IT'S BEEN MORE THAN A dozen years since he stepped away from the microphones at K-57 radio, and three years since his last on-air appearance as a commentator at the Pacific News Center. Still, Jon Anderson remains as one of Guam’s best known and best loved media personalities.
His broadcast career on Guam began in 1977 when he became general manager of KUAM. Four years later he and some partners bought a radio station that became K-57 where he launched the first news-talk format on island. For 25 years Jon ruled the morning drive on Guam. Powerbrokers, politicians, Tun Juan and Tan Maria all tuned in to listen, or called in to be heard. Jon arbitrated the debate with a fair-minded calm admired by all.
Today, at 75, Jon is living with Parkinson’s, a disease that ultimately forced him off the air. Trembling hands made it difficult to type, balance problems hampered his ability to walk, and worst of all it weakened his voice, which could no longer project the same resonance and authority it once had.
“It’s very hard psychologically,” said Jon, “for someone who spent their entire career in the media to suddenly have to stop talking.”
For most of his life, Jon made his living as a broadcaster, on the radio or TV. “Even in high school when I was still in my home town (Aberdeen, South Dakota), I worked as a radio guy. That’s been the hardest thing for me to adjust to, the inability to be a radio guy anymore.”
Parkinson’s disease is an age-related degenerative disorder of the central nervous system. Unlike “Alzheimer’s dementia,” Parkinson’s primarily affects movement and speech, not cognitive functions. It develops gradually and becomes worse with time. By 2012, Jon’s condition began to take its toll, and the symptoms became progressively worse that by 2015 his ability to walk and talk was severely impaired.
Recently, however, his condition has noticeably improved. “I’m doing better now than I was a little while ago,” Jon revealed. Last year, he underwent surgery at Queens Hospital in Honolulu to stop the shaking and improve his ability to speak. “I had what they call deep brain stimulation. It involves a neurologist drilling 2 holes in your skull and dropping some leads into the brain.”
Very fine wires with electrodes at the tip were implanted into his brain. The wires are connected to extensions that run under his skin, behind the ear, and down his neck to a neuro-stimulator on the right side of his chest. “I have a pacemaker-type unit here,” said Jon, patting his chest. “But this is not a pacemaker. It’s an implanted pulse generator, which sends electrical stimulation to the brain.”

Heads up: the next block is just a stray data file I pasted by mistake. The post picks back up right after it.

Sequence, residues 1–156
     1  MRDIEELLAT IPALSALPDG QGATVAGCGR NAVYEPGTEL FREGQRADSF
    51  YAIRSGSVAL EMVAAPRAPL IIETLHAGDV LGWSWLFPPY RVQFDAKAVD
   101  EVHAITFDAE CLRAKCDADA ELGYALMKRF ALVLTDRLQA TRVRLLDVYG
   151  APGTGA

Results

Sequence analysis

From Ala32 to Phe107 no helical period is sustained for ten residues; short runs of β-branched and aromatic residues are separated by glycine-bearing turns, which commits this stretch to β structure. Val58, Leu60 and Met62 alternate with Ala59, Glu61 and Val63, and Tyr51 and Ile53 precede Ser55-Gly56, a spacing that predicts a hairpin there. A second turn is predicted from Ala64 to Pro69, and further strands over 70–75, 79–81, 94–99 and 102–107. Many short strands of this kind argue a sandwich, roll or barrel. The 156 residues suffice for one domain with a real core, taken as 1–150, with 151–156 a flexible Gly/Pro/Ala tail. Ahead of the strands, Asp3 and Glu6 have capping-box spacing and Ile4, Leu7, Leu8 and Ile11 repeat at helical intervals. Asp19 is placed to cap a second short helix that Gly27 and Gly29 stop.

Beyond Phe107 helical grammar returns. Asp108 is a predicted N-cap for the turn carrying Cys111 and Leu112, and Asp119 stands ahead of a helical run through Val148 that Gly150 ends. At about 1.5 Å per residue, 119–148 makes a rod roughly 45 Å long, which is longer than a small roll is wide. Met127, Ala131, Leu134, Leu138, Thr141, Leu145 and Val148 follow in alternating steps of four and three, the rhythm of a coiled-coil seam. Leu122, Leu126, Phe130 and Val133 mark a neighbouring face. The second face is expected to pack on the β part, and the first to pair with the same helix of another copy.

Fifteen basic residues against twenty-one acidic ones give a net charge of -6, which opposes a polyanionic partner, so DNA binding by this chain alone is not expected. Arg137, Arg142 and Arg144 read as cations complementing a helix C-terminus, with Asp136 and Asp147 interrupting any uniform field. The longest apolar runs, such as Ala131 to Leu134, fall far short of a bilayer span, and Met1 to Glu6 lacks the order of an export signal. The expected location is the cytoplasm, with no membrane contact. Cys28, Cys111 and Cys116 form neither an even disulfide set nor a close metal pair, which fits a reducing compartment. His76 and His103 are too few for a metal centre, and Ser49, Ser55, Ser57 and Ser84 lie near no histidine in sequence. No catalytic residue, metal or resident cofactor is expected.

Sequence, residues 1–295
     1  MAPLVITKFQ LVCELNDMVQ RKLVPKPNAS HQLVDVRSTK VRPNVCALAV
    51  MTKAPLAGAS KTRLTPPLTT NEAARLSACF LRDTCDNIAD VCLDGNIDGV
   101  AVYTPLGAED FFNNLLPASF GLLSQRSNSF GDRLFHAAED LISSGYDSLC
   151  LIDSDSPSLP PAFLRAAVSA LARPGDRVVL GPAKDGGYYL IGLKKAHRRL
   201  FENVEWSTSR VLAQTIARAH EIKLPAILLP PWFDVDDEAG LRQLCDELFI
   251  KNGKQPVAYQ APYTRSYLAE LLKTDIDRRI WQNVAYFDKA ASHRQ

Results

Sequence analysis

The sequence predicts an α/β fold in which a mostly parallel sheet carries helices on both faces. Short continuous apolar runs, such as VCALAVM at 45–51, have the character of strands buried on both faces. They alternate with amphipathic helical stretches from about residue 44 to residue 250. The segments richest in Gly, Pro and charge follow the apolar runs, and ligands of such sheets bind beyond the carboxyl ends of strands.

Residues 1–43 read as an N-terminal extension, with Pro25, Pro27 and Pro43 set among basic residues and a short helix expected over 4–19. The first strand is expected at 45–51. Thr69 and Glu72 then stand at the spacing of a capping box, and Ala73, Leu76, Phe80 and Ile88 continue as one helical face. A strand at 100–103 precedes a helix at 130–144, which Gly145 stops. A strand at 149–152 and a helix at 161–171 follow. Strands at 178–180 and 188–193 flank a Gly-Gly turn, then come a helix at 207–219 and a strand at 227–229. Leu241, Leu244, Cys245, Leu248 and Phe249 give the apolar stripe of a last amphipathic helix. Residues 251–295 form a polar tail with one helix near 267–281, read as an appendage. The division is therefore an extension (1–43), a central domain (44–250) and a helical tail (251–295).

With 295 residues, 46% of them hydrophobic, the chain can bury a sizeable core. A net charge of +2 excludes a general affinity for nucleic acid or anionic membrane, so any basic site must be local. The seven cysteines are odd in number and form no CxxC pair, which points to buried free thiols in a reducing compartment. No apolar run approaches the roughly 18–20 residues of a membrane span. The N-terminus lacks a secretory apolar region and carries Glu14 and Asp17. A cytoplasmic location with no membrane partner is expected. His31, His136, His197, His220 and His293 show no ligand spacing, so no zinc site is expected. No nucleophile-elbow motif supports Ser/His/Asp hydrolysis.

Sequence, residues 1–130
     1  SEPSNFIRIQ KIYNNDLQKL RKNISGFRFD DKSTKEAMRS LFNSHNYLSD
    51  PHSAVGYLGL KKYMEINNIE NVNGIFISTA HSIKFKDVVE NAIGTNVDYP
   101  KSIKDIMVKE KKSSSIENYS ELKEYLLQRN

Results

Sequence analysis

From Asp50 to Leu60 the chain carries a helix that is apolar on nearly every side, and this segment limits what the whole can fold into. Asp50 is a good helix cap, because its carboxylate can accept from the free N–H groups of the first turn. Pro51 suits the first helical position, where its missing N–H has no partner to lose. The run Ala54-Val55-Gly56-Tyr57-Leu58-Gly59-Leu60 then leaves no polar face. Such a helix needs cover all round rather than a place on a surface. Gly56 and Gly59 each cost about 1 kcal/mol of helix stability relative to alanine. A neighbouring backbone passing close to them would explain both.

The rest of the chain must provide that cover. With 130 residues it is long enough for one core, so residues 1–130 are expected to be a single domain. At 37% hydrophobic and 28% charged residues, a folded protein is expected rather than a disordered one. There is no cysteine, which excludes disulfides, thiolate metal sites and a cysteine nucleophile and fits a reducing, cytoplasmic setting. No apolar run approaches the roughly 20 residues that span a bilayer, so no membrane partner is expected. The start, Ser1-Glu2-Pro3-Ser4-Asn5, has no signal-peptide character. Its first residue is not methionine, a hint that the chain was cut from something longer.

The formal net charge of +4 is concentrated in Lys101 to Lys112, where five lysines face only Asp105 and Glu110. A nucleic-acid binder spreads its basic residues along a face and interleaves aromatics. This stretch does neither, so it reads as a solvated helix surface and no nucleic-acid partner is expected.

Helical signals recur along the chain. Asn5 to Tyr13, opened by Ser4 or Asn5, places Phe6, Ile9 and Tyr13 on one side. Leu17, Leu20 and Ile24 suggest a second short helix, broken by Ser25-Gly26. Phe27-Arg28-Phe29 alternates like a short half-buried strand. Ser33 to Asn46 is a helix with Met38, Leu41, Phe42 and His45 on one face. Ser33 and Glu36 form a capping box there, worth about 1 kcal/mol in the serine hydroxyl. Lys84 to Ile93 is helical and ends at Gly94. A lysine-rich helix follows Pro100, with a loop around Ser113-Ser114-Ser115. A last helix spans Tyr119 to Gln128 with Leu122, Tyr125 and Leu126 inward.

The FDA approved “Deep Brain Stimulation” [DBS] for the treatment of Parkinson’s disease in 1997. While it has proven effective for many, it is not a cure, and the National Parkinson’s Foundation cautions there are risks and the potential for negative side effects.
However, Jon has not suffered any side effects, and he is convinced of the benefits. The operation has restored some of what he lost. “It’s cut down on the shaking and improved my speech,” Jon said. “I think I’m stronger speaking now than I was three years ago. I want to tell people that if they have Parkinson’s or the incipient initial stages of Parkinson’s they should investigate this surgery (deep brain stimulation).”
There are still physical issues Jon needs to work on. “My posture is not good, and I have balance issues. I have to be careful that I don’t fall down. I need to get into a regular program of exercises and coordination so that I can improve.” But overall, “I feel pretty good,” he summed up.
If I can be of help to anybody, if there is anybody out there dealing with Parkinson's, I'd be happy to work with them, or meet them and talk to them."
Jon is now working with GRMC Physical Therapist Marc Pagaduan. Twice a week he comes to GRMC’s Rehabilitation Department to work on maintaining and improving the motor skills that have been restored by the operation. The goal of the therapy program Marc has devised is to introduce Jon to some exercises that will “improve his skills even more” and help him deal with the symptoms he still has so that he can “live a better life.”
“Mr. Anderson is very functional,” Marc said. “With him, we are basically working on routine exercises to keep him from slipping back. Parkinson’s doesn’t have a cure. We don’t have something we can give him and the Parkinson’s will go way. So what we want is to keep him where he’s at, keep that good condition where it is, and keep it from coming down any further.”
Jon wants to share his struggle with Parkinson’s disease, and he has reached out to former colleagues to help him tell his story. “That’s what I do. That’s what I did for a living for 30 years. I’m a public person,” Jon explained. “I don’t have any problem sharing my problems with the general public.”
Jon estimates that there may be as many as 30 other people on Guam suffering from full-blown Parkinson’s, and he hopes to form a support group, a Parkinson’s Association, to share information about the disease and ways to help each other live with Parkinson’s.
“I haven’t given that up. If I can be of help to anybody, if there is anybody out there dealing with Parkinson’s, I’d be happy to work with them, or meet them and talk to them,” Jon asserted.
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